We admit we have had trouble in organising NYCHA residents. Our work at Fulton Houses and Elliott-Chelsea were undermined by politicians, including Mayor Bill de Blasio (WFP-New York City). The president of the resident council at Fulton Houses misled residents into believing that RAD/PACT would be in their best interest, and he was caught tearing down our flyers, interfering with tenant organising, which is unlawful, according to the Fair Housing Act protections against retaliation. Later, tenants were mislead into believing that forming a resident management corporation would be financially or politically possible, when it was neither. Other “community groups” deliberately mislead public housing residents into deëscalating any criticism of elected officials. In the end, RAD/PACT has almost become a fait accompli, since Mayor de Blasio has reportedly succeeded in issuing a Request For Proposal for the RAD/PACT conversion of the last parcels of public housing in the gentrified Manhattan neighborhood of Chelsea.
Disreputable individuals used the pandemic to scare residents from participating in protests against then-Acting U.S. Attorney Audrey Strauss over her role in countenancing the allegations of abuse and corruption of RAD/PACT conversions. Marches against elected officials didn’t draw enough support from public housing residents, either, because community groups allied with elected officials wrongly informed residents that the Green New Deal would save them, when there was no reality to that proposition, either.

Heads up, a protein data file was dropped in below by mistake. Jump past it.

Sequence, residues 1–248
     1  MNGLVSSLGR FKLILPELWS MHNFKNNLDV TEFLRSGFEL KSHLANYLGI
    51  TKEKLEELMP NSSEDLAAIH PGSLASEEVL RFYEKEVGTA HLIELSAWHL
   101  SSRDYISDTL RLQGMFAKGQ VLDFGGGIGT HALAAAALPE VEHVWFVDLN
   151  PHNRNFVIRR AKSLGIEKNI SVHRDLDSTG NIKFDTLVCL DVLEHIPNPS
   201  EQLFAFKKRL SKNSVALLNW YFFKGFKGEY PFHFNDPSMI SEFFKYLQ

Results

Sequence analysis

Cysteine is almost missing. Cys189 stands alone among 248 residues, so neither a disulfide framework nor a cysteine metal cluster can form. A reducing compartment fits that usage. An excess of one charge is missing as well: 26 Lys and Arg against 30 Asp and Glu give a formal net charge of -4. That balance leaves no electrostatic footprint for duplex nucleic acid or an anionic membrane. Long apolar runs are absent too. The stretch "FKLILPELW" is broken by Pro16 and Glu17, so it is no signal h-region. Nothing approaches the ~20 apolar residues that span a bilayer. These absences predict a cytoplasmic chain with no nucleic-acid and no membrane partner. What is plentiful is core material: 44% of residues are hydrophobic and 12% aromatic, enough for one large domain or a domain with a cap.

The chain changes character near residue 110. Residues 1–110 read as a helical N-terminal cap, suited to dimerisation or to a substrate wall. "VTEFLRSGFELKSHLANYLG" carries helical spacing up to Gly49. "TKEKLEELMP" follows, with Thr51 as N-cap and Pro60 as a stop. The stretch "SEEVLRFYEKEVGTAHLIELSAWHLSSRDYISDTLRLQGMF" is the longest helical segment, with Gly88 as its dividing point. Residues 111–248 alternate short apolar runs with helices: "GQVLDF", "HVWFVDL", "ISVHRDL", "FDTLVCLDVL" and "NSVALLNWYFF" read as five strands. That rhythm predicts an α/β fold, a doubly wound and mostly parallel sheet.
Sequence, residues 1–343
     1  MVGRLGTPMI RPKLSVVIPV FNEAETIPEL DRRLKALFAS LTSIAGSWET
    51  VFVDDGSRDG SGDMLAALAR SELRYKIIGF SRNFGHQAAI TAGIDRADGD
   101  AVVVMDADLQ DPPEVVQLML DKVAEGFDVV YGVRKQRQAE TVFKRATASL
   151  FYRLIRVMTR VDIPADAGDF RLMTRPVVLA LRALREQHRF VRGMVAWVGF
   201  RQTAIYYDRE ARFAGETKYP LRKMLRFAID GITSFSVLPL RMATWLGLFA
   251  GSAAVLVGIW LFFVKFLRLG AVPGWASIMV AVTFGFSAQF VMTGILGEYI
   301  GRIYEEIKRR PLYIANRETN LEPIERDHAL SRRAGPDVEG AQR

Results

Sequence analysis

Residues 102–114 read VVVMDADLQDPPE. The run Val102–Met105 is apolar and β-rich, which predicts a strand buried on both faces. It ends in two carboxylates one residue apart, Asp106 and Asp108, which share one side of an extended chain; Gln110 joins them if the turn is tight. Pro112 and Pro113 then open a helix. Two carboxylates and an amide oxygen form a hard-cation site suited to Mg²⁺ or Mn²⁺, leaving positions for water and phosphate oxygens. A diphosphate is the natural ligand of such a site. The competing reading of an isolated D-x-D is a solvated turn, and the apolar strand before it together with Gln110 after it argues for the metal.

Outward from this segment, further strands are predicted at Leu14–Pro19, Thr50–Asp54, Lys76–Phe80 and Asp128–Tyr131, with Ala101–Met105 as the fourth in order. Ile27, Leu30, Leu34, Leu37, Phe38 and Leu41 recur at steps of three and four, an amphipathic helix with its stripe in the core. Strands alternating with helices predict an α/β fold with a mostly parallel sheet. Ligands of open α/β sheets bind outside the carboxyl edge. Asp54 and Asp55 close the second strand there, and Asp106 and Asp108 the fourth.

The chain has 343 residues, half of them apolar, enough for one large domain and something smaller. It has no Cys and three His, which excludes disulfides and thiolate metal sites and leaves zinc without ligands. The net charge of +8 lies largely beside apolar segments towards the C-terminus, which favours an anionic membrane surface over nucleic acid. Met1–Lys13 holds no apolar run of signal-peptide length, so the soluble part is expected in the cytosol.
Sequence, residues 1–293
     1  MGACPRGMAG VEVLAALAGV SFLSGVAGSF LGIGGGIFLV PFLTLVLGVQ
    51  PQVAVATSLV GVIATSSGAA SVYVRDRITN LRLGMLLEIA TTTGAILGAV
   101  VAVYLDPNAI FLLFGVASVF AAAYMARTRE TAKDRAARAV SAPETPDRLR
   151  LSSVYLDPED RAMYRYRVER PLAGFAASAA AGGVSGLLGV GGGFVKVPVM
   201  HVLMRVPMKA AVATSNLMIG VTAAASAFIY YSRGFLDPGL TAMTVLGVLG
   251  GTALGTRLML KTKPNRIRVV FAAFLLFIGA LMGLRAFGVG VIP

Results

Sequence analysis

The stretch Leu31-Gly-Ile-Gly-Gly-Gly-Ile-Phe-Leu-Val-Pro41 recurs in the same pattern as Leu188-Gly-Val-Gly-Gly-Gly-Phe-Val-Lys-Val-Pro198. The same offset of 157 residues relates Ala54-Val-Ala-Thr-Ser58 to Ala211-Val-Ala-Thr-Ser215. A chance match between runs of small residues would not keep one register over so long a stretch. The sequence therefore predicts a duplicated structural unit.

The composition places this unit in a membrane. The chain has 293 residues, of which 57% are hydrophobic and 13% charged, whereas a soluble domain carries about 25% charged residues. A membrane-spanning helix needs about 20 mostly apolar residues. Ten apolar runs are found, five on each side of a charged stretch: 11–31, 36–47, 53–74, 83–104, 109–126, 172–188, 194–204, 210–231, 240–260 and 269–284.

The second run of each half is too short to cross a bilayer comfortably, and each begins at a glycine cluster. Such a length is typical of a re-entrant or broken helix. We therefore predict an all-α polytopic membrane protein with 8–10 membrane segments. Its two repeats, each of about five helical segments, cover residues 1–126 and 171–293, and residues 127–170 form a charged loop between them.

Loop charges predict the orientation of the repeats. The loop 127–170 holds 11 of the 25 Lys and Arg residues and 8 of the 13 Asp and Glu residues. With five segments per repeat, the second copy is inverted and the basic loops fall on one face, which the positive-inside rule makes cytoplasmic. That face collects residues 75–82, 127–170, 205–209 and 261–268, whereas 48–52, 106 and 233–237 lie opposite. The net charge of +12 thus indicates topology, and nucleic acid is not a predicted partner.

When all looked lost, it became apparent that doing nothing was the only thing we should be aiming for. During the pandemic, wildcat strikes took place as essential workers demanded personal protective equipment (PPE), paid sick leave, and health insurance benefits, amongst other demands. Expecting something larger than walkouts from labour unions is probably unrealistic, since they now largely act as get-out-the-vote operations for the Democratic Party. The true beginnings of a general strike must come from a non-union context, namely, from people experiencing extreme forms of economic oppression.
That is why Fight For NYCHA is putting our faith in residents, who intuitively know that the pandemic is not over and that the Government is seeking to continue the era of racial disparities into the future. Given all the sectarianism we’ve witnessed in public housing organising in the last two years, the political ideologies that have coöpted NYCHA organising can support the concept of a general strike against a capitalist economy that is exploitative and creates the kind of economic inequality that is experienced by NYCHA public housing residents.